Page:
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Life Arts    H4'ed 5/1/10

Altruism or Enlightened Egoism?

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The very fact that the word "altruism" exists indicates that there are sufficient theories, and consequently, a wide audience, who legitimize the presence of this phenomenon., the online dictionary, described altruism as, "the principle or practice of unselfish concern for or devotion to the welfare of others (opposed to egoism)". This source also describes altruism as "Unselfish concern for the welfare of others; selflessness."

The same source describes egoism as the opposite of altruism, and explains it as, "the habit of valuing everything only in reference to one's personal interest; selfishness (opposed to altruism)," and, within the perspective of ethics, as "the view that morality ultimately rests on self-interest".

Here's thus where the interesting discrepancy between these two phenomena emerges. Selflessness is increasingly being promoted as the most enlightened state of being in new age teachings about spiritual behavior. Yet, one can wonder how it would be possible to actually get rid of the self? After all, you take your self with you wherever you go, whether you like it or not. So, if selflessness is more of a metaphor than a realistic phenomenon, one can also wonder about the actual existence of altruism. Particularly when it is seen as the immediate opposite of egoism.

Dwelling at the idea of egoism, I wonder if the majority of actions we undertake are not fundamentally driven by this emotion? After all, there are very few acts we undertake with solely the well being of another party in mind. Most of what we do or undertake in our daily activities, and even more in the greater execution of our lives, is to make us feel better about ourselves. And sometimes these acts may seem very noble in the eyes of others, but they are still ultimately executed for our own sense of dignity, pride, gratification, or contentment.

Real altruistic acts are extremely rare, and may never occur in the lives of the majority of people. Yet, we are quick to describe a number of our acts as altruistic, as soon as we can attach a label of nobility to them. But if you think about it, only in exceptional instances where a person risks his or her own well-being for another -- such as when someone runs into a burning house to save the life of a trapped child, or jumps into an ice-cold sea to save the life of a drowning soul -- can we really speak of an altruistic act. And even then, the real skeptics among us may assert that ultimately it's all done for our enlightened self-interest, because, once confronted with the disaster and the need, any decent human being knows how much and long their conscience would bother them if they wouldn't do anything about it.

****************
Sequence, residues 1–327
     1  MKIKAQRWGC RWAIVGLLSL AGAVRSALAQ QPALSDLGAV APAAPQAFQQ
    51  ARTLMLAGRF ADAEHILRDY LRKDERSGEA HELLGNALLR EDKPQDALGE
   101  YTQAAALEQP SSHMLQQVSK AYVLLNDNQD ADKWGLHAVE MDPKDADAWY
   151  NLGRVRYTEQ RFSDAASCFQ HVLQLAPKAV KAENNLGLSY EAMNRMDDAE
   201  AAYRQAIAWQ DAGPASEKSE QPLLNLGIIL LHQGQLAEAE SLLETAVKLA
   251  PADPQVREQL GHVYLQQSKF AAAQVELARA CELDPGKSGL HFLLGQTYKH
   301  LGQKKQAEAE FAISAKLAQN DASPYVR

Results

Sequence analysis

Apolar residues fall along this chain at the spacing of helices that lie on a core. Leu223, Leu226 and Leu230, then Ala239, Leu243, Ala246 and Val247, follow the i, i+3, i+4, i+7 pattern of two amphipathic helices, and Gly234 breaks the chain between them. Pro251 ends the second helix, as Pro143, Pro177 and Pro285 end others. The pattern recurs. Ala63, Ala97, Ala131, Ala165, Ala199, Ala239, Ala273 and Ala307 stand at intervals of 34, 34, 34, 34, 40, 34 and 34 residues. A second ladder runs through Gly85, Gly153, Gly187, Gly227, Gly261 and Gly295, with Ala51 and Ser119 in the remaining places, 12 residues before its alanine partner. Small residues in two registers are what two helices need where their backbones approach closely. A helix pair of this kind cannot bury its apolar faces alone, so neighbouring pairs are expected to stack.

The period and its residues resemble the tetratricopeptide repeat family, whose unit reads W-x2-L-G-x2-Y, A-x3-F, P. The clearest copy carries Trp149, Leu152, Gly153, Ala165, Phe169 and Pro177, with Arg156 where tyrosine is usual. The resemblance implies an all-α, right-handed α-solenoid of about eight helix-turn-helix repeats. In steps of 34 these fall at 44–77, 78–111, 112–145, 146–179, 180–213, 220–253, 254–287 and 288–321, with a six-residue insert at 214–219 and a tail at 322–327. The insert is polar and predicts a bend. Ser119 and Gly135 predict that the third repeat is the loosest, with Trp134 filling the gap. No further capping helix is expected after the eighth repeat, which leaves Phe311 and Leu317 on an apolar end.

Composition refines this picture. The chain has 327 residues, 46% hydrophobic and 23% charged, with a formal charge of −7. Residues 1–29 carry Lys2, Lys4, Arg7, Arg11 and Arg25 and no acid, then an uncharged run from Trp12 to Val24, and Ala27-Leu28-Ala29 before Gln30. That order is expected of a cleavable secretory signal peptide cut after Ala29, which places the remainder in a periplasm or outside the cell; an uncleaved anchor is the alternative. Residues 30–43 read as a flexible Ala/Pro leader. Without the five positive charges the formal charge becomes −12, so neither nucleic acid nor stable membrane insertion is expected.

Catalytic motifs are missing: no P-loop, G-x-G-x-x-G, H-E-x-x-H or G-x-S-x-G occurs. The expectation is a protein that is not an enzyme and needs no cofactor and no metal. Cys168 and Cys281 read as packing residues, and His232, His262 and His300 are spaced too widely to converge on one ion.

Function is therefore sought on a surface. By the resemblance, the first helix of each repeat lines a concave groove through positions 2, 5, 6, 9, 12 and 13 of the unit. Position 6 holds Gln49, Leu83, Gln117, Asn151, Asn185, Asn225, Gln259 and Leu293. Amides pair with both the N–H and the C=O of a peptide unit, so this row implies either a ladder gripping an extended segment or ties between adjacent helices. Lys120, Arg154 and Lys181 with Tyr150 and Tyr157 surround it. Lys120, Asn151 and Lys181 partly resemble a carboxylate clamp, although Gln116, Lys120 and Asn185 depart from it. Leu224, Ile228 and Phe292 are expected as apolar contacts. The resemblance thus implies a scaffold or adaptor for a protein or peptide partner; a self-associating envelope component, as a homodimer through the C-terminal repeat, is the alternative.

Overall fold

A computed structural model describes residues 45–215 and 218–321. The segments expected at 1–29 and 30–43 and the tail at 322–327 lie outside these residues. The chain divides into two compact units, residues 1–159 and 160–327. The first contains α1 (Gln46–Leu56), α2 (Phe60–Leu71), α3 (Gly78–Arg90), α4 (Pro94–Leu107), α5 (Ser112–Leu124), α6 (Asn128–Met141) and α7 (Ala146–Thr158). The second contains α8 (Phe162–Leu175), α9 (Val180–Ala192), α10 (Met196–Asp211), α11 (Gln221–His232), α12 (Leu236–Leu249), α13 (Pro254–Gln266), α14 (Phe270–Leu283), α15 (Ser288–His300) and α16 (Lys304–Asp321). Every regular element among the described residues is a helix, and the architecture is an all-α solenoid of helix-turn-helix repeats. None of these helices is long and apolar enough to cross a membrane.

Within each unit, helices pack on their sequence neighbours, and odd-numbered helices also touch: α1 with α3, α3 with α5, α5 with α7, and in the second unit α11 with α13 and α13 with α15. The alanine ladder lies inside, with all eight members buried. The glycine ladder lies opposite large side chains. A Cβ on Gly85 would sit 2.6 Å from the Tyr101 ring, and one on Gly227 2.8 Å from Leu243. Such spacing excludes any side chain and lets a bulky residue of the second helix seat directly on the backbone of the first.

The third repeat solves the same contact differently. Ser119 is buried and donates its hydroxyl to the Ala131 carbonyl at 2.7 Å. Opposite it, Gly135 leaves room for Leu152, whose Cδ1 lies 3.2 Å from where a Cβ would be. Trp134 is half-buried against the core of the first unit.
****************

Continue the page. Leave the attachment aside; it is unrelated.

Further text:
So, once we get to this point of understanding, isn't most of what we consider altruism actually enlightened egoism? And if that is the case, are we not just taking about various degrees of the same phenomenon here? Egotism, the unbridled epitome of self-centeredness, could then be seen as "dark egoism," while a more compassionate, yet not extremely self-neglecting behavior could be referred to as "enlightened egoism."

Here is where two other definitions, also adopted from, fit well. The dark side of egoism, egotism, could be described as "Excessive preoccupation with one's own well-being and interests, usually accompanied by an inflated sense of self-importance," while the more enlightened version of egoism could be alluded to as, "The ethical doctrine that morality has its foundations in self-interest," or "The ethical belief that self-interest is the just and proper motive for all human conduct."

Responsible contemporary leaders, particularly those in the corporate sector who engage in the teachings of servant leadership, authentic leadership, transformational leadership, and spirituality in the workplace, attempt to practice enlightened egoism: they serve the progress of the organization, while they also focus on the quality of life of the stakeholders --employees, suppliers, customers, stockholders, and the society in which the organization operates--and then, at the same time, they serve their own purpose, whether this is making a difference, leaving a legacy, establishing good connections with their people, or anything else.

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Joan Marques is the author of "Joy at Work, Work at Joy: Living and Working Mindfully Every Day" (Personhood Press, 2010), and co-editor of "The Workplace and Spirituality: New Perspectives in Research and Practice" (Skylight Paths, 2009), an (more...)
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